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Nikon firmware update prevents use of third party batteries

Sam Loveridge


Nikon D3100
You can forget about third party battery compatibility for the Nikon D3100

Nikon’s latest firmware patch has rendered a number of cameras incompatible with unofficial battery packs.

Nikon customers have reported that the latest firmware update from the Japanese corporation has brought with it some unannounced alterations, affecting how they’re powering their cameras.

The recently released patch for the D3100, D3200, D5100, D5200 and Coolpix P7700 was described as an update to alter the way in which camera’s battery life was displayed.

However, some users have been left confused and angry at what they perceive as a hidden agenda behind the upgrade.

After the update, third party versions of the EN-EL14 and 14a lithium ion battery packs are no longer compatible with the models listed above.

Many customers have commented on Nikon’s official website, with one user remarking that the update was nothing more than a “villainous vendor lock in”, whilst another suggested that an update that “limited the functionality” of a device could hardly be deemed an ‘update’ at all.

Nikon are not the first to have attempted such a move however, with Panasonic releasing a similarly intentioned patch in 2009, which rejected any third party batteries that failed to stand up to the company’s meticulous safety standards.

As there is no reported way to reverse the effects of the firmware update, many users will simply have to wait and hope that a new update will fix the issue, or that Nikon will release an explanation and solution for a compatibility fix.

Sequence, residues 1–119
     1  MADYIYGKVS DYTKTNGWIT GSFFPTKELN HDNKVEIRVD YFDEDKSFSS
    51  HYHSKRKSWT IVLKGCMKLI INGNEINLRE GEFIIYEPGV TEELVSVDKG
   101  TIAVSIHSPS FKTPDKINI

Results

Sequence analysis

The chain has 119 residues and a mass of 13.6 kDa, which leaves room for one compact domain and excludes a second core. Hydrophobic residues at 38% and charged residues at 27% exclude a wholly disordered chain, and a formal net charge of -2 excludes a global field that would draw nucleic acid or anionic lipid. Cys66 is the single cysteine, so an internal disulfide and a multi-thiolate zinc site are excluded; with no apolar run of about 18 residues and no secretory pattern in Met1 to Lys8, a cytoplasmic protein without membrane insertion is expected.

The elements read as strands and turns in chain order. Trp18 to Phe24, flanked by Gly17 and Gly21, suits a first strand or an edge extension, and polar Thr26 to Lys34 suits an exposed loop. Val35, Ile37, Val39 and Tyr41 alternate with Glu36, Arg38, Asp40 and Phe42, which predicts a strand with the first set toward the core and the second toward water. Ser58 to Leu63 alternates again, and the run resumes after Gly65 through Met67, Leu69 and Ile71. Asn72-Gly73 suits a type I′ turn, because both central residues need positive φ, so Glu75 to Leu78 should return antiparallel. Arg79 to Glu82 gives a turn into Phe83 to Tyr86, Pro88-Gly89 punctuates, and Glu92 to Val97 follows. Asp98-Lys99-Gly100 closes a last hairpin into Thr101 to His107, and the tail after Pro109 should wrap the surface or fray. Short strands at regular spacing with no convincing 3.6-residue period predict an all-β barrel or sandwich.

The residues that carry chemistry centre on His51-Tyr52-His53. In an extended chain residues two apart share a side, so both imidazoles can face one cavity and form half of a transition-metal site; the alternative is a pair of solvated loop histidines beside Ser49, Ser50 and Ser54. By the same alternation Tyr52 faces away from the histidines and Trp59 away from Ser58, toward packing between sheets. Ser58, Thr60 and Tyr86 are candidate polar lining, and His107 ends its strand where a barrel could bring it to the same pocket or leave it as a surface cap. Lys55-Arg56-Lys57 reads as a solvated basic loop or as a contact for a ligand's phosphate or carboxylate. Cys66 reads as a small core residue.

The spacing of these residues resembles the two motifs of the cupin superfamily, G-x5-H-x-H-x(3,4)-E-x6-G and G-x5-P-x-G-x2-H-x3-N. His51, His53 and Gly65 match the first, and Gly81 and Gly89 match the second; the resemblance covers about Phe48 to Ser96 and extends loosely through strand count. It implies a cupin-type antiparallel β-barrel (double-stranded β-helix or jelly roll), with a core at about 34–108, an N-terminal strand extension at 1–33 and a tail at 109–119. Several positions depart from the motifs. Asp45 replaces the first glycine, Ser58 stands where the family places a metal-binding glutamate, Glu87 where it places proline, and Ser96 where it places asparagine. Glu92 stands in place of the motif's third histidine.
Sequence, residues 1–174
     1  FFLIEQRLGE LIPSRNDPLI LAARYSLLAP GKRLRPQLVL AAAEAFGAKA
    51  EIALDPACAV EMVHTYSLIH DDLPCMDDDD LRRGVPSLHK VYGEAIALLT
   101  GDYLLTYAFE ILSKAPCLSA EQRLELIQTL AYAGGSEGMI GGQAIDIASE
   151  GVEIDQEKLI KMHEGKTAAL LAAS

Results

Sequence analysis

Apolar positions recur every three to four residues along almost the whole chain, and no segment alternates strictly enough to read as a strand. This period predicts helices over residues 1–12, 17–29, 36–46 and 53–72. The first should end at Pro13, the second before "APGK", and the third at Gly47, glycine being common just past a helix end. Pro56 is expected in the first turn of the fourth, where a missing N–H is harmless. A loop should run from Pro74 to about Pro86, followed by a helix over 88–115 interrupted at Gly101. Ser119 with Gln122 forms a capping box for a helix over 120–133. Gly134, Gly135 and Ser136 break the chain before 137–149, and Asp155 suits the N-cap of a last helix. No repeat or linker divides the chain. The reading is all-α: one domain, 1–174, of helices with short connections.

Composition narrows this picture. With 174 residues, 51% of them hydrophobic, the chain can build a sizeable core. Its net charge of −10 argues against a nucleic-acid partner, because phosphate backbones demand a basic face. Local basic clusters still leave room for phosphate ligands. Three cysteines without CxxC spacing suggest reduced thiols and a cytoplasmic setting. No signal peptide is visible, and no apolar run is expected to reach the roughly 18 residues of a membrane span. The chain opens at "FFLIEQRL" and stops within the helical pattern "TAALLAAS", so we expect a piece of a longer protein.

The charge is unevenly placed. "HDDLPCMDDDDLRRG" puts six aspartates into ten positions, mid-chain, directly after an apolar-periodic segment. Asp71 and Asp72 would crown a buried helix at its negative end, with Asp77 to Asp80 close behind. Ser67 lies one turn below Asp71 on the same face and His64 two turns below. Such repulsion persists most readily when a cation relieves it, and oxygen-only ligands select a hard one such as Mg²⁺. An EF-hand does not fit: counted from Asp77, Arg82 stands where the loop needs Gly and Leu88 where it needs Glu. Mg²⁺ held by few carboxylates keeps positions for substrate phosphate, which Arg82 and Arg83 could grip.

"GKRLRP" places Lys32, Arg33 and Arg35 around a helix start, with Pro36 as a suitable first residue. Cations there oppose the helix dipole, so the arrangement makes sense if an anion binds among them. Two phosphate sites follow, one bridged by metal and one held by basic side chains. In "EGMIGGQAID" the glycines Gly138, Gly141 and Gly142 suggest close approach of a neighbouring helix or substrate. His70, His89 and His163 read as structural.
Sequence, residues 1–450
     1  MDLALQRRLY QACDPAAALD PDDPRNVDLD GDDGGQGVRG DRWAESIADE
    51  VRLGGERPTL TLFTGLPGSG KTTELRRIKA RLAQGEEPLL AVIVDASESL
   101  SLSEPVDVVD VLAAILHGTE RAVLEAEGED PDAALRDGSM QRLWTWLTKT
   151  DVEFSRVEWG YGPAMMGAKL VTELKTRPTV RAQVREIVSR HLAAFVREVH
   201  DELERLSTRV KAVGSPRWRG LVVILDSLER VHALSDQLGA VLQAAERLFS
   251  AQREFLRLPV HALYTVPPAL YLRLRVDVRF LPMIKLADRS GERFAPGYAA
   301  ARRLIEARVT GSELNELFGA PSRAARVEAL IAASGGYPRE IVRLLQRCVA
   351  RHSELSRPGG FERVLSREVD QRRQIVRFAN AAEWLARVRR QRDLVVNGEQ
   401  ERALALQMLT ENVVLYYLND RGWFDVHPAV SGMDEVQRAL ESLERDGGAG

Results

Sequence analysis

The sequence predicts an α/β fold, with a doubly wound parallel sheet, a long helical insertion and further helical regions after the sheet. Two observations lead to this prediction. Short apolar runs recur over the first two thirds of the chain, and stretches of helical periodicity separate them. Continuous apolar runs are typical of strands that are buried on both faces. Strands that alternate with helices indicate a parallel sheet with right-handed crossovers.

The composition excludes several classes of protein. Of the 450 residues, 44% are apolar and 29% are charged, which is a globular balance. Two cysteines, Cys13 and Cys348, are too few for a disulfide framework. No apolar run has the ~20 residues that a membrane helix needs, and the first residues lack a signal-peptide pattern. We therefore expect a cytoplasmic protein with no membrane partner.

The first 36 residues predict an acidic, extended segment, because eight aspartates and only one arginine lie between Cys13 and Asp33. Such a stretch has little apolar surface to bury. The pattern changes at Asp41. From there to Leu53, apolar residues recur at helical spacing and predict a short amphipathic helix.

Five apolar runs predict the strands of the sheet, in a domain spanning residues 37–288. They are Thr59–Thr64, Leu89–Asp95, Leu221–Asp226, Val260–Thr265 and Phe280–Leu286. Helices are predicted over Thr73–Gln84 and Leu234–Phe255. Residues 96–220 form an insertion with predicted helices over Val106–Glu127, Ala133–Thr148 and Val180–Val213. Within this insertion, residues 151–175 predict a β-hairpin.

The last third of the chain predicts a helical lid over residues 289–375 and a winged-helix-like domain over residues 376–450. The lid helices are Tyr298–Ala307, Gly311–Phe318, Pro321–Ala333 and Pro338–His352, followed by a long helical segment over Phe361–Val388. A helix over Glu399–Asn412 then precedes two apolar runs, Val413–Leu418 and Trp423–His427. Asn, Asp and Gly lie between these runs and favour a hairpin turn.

This third party battery issue may well have been an unintentional side-effect of the latest firmware update, as there was no mention of it in the change log for the update.

We’ll keep you posted of any updates from Nikon for this problem.

Read more: Best cameras of 2013

Via: Nikon Rumours


December 10, 2013, 11:40 am

Nikon have done this before. My compact P7000 camera's firmware was updated and that broke the functionality of third party batteries I'd just bought. It was a very minor update too. In my view, unless there's a good reason to prevent people using compatible batteries it's a very nasty business practise and did nothing to warrant a return to buying their products from me.

I don't buy that Nikon need to protect their profitability or that Canon are just as bad as I've got loads of Canon cameras and so far they've never blocked the use of other non-official batteries. If Nikon et al want people to buy their batteries in preference to other brands they should sell them at reasonable prices. On the other hand, if they're reliant on such after market purchases to make their cameras profitable then they should just raise the prices of the camera.

The difference in price between official camera batteries and cheap clone ones can be absurd: £65 for a Canon LP-E6 vs £29 from Hahnel (reliable make). You can probably buy non-branded ones for a tenner on Amazon. And the non-branded ones often have higher capacities too and are equally reliable. It's very difficult to think camera manufacturers weren't merely milking their customers on accessories when you consider the hugely inflated prices.

Disgruntled of Dorchester

December 12, 2013, 8:29 am

Nikon you are out of order!
My next camera will not be one of yours that is for sure!

Any manufacturer who makes a blatent attempt to tie in their customers in this fashion deserves all they get, I hope perhaps you will find yourselves in the same sittuation as Microsoft with the IE web browser and before anyone asks, yes I use Ubuntu now and will never buy another Microsoft product any more than I will buy another Nikon.
Discraceful conduct, at least have the decncy to own up to your deciet!

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